Capturing disability issues in transdisciplinary research
3 December 2020
By Ina Rahlina, RISE Indonesia Communications Officer
Indonesia has a Law on Persons with Disabilities, but the voices of people with different needs in sanitation and clean water infrastructure are still limited. Infrastructure often remains physically inaccessible.
To overcome this, a local organization of persons with disabilities - the South Sulawesi PerDIK Foundation - provided the RISE Indonesia field workers with an in-depth understanding of disabilities before they began conducted household surveys by phone.
Disability Online Training has enlightened the fieldworkers' approach to conducting research with people with disabilities. "Our perspective on disability is different,” said Pak Hamdan. Hamdan's day-to-day work as a field officer is to conduct human and environmental sampling and also household surveys. This means he works closely with people with different needs in several settlements in the RISE research locations. During the training, Pak Hamdan got a new perspective on how to capture data about disability using the Washington Group Questions. "The training has helped us to identify people in the research locations with different abilities who might find it harder to take part in the program or receive the benefits of the program" he said. He also learned that “Society often gives labels to people with disabilities. Labelling that is often degrading, degrading, and marginalizing.”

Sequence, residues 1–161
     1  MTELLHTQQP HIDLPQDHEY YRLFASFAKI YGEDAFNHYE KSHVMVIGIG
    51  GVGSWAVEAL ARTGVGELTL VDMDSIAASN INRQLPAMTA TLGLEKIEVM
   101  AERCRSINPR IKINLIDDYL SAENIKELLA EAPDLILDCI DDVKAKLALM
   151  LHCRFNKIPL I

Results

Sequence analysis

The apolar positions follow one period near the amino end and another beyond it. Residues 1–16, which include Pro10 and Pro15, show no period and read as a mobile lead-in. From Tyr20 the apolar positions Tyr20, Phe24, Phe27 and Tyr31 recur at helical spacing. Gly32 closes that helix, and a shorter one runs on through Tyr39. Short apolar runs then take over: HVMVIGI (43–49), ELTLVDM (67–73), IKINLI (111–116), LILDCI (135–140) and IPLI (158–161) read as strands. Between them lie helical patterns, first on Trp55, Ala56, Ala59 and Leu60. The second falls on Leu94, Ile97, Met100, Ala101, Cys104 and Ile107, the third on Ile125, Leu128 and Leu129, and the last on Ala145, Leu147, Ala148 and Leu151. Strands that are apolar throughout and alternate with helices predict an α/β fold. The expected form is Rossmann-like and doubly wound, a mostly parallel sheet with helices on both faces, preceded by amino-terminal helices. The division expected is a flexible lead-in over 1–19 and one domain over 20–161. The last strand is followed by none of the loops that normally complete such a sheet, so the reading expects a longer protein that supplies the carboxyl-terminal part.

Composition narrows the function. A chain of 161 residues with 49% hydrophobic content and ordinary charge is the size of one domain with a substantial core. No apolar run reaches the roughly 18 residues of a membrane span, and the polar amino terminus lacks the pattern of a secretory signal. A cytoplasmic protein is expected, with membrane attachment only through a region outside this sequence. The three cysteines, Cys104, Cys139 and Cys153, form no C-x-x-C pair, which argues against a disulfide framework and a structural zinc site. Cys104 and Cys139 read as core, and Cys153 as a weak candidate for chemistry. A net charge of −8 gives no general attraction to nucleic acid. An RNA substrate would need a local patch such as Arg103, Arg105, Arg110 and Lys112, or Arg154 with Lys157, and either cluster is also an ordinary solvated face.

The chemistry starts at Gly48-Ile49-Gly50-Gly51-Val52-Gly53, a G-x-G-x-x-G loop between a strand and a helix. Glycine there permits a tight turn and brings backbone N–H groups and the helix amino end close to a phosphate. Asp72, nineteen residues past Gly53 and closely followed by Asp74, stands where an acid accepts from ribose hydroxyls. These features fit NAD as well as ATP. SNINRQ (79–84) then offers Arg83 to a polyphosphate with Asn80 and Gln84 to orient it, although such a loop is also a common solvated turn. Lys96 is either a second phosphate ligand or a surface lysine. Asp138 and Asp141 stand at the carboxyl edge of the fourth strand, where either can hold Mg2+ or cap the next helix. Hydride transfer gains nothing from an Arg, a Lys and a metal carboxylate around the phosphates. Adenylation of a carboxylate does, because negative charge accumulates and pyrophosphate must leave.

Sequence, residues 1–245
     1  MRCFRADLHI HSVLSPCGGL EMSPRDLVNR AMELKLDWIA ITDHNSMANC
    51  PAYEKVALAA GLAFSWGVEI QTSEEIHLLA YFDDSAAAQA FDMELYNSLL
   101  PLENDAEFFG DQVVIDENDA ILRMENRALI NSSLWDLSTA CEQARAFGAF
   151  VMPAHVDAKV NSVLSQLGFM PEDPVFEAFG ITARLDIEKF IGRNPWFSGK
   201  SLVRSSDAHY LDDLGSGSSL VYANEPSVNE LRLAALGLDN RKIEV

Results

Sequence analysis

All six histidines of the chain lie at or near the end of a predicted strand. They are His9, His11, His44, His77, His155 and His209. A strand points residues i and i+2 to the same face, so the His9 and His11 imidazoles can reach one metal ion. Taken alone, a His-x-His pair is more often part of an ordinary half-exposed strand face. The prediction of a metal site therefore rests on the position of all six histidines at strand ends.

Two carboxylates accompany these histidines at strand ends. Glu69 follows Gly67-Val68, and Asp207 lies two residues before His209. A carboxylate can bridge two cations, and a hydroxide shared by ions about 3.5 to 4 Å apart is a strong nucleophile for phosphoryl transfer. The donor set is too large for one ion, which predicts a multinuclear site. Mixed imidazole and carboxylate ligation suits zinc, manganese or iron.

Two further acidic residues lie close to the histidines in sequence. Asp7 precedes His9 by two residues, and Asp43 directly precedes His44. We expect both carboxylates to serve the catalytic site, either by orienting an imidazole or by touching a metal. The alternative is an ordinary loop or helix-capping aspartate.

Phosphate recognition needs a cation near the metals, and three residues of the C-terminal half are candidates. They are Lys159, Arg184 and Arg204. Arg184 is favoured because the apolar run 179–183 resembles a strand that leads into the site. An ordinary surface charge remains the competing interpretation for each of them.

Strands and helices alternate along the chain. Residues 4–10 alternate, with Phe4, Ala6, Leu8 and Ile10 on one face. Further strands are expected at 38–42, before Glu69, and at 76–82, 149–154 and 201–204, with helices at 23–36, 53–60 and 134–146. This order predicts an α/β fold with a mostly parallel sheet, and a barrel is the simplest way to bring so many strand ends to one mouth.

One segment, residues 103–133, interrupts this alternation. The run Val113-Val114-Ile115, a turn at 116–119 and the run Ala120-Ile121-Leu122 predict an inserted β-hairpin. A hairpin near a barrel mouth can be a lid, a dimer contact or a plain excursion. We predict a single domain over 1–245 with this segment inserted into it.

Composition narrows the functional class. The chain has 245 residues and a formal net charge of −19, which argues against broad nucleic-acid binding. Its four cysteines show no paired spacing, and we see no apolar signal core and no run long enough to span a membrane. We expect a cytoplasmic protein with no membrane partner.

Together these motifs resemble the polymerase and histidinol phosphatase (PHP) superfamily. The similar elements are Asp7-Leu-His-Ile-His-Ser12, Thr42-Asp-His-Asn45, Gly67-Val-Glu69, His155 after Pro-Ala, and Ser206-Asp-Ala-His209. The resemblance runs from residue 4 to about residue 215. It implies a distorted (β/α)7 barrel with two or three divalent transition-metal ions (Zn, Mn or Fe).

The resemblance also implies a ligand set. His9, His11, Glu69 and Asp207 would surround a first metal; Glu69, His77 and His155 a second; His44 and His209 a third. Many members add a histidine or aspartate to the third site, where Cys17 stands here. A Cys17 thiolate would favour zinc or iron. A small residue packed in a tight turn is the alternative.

Capturing the experiences of people with different needs in a transdisciplinary research project is one of the issues of the online training program for Water for Women led by Hasanuddin University, Monash University and Emory University, as part of the Water for Women program.